At this point we were placed in tow of one of the Master Watchmakers at Renaud & Papi and language changed.  He is Robert Harrap who hails from, of all places,  Wellington New Zealand.  I would rather expect that it is a rare number who emigrate from Wellington to Le Locle.  Robert gave us more perspective on the Renaud & Papi operation.  Last year Renaud & Papi produced 400 watches—that’s it.  Most were for Audemars, a few were for two other very high end brands.  At this level of watch making, one watch maker does the watch from beginning to end, hand finishing each and every piece in the watch.  Robert himself was working at the very pinnacle of what is produced there - a Grand Sonnerie.  He started on this watch in November and was still hard at work on it during our May visit.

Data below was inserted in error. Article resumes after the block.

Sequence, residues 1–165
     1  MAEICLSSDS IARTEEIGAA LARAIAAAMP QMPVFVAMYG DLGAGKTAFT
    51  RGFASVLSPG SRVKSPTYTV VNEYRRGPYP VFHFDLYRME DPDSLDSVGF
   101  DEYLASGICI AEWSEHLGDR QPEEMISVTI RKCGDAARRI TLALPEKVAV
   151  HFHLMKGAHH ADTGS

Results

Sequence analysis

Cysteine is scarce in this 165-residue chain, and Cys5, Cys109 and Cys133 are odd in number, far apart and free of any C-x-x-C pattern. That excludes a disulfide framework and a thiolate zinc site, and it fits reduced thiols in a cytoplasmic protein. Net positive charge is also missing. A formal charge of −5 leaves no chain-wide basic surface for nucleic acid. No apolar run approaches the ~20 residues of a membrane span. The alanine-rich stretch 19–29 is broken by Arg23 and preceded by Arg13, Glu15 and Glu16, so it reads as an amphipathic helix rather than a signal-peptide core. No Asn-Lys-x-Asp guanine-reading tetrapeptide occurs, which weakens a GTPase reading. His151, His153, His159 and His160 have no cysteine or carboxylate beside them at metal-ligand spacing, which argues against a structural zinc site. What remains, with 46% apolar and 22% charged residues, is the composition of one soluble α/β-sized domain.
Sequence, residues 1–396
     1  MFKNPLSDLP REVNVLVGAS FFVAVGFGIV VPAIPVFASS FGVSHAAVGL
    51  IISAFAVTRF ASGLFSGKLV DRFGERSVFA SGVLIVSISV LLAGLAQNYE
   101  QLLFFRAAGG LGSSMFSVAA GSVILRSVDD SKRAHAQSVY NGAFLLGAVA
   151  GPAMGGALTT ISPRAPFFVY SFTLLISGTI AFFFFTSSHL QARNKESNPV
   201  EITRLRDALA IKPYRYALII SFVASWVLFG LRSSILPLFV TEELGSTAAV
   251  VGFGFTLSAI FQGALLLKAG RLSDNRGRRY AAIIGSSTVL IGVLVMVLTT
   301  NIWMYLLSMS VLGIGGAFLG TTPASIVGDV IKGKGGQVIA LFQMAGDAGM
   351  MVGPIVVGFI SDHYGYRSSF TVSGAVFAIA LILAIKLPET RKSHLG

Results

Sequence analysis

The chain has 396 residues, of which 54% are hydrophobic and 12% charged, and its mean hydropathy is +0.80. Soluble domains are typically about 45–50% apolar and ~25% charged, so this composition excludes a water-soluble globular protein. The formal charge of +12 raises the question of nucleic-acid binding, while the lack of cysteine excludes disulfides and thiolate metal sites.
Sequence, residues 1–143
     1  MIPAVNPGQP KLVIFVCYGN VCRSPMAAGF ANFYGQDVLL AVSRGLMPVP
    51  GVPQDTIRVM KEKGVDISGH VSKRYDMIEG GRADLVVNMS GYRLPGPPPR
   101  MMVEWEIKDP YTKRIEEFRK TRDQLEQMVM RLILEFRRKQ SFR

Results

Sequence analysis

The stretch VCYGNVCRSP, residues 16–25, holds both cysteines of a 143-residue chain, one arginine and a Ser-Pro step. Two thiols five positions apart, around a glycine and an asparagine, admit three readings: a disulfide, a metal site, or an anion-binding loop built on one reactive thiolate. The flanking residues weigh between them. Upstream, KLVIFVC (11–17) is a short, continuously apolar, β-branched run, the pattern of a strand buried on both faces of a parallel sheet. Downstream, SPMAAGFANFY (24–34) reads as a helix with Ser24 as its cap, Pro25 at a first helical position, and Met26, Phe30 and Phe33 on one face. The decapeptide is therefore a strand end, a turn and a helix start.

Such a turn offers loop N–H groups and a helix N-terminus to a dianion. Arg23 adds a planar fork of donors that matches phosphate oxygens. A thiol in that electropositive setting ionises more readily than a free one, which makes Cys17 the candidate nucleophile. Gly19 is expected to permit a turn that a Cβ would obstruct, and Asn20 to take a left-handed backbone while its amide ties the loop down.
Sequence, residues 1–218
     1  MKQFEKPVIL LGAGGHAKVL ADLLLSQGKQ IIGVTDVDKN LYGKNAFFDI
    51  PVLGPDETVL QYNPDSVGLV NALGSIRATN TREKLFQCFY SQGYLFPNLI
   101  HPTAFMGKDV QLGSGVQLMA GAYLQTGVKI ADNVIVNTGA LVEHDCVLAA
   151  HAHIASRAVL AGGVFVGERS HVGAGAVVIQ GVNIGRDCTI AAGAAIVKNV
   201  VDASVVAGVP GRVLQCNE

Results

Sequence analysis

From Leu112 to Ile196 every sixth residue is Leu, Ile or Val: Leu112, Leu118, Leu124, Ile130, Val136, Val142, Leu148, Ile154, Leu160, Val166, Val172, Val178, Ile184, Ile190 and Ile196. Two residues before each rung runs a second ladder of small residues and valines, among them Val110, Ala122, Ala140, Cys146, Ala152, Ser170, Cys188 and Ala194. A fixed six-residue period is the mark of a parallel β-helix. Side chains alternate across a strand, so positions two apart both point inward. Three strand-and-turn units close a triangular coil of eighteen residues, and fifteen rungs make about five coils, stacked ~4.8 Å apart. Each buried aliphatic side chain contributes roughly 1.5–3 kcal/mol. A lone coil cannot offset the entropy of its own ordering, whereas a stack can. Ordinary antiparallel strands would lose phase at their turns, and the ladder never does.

Indeed he pressed us for information on one point.  He was dying to know what kind of people owned one of his Grand Sonneries.  I would have killed at that point to have said “Mais, que c’est moi!” and shooting my cuffs produced one for him to see on my wrist.  Sadly, that not being possible,  I told of the streets paved in gold (now being ripped up) in Silicon Valley.

AP: Getting There Movements Cases Museum
RP: Design Manufacturing Assembly Leaving There

A Day at Audemars Piguet and Renaud & Papi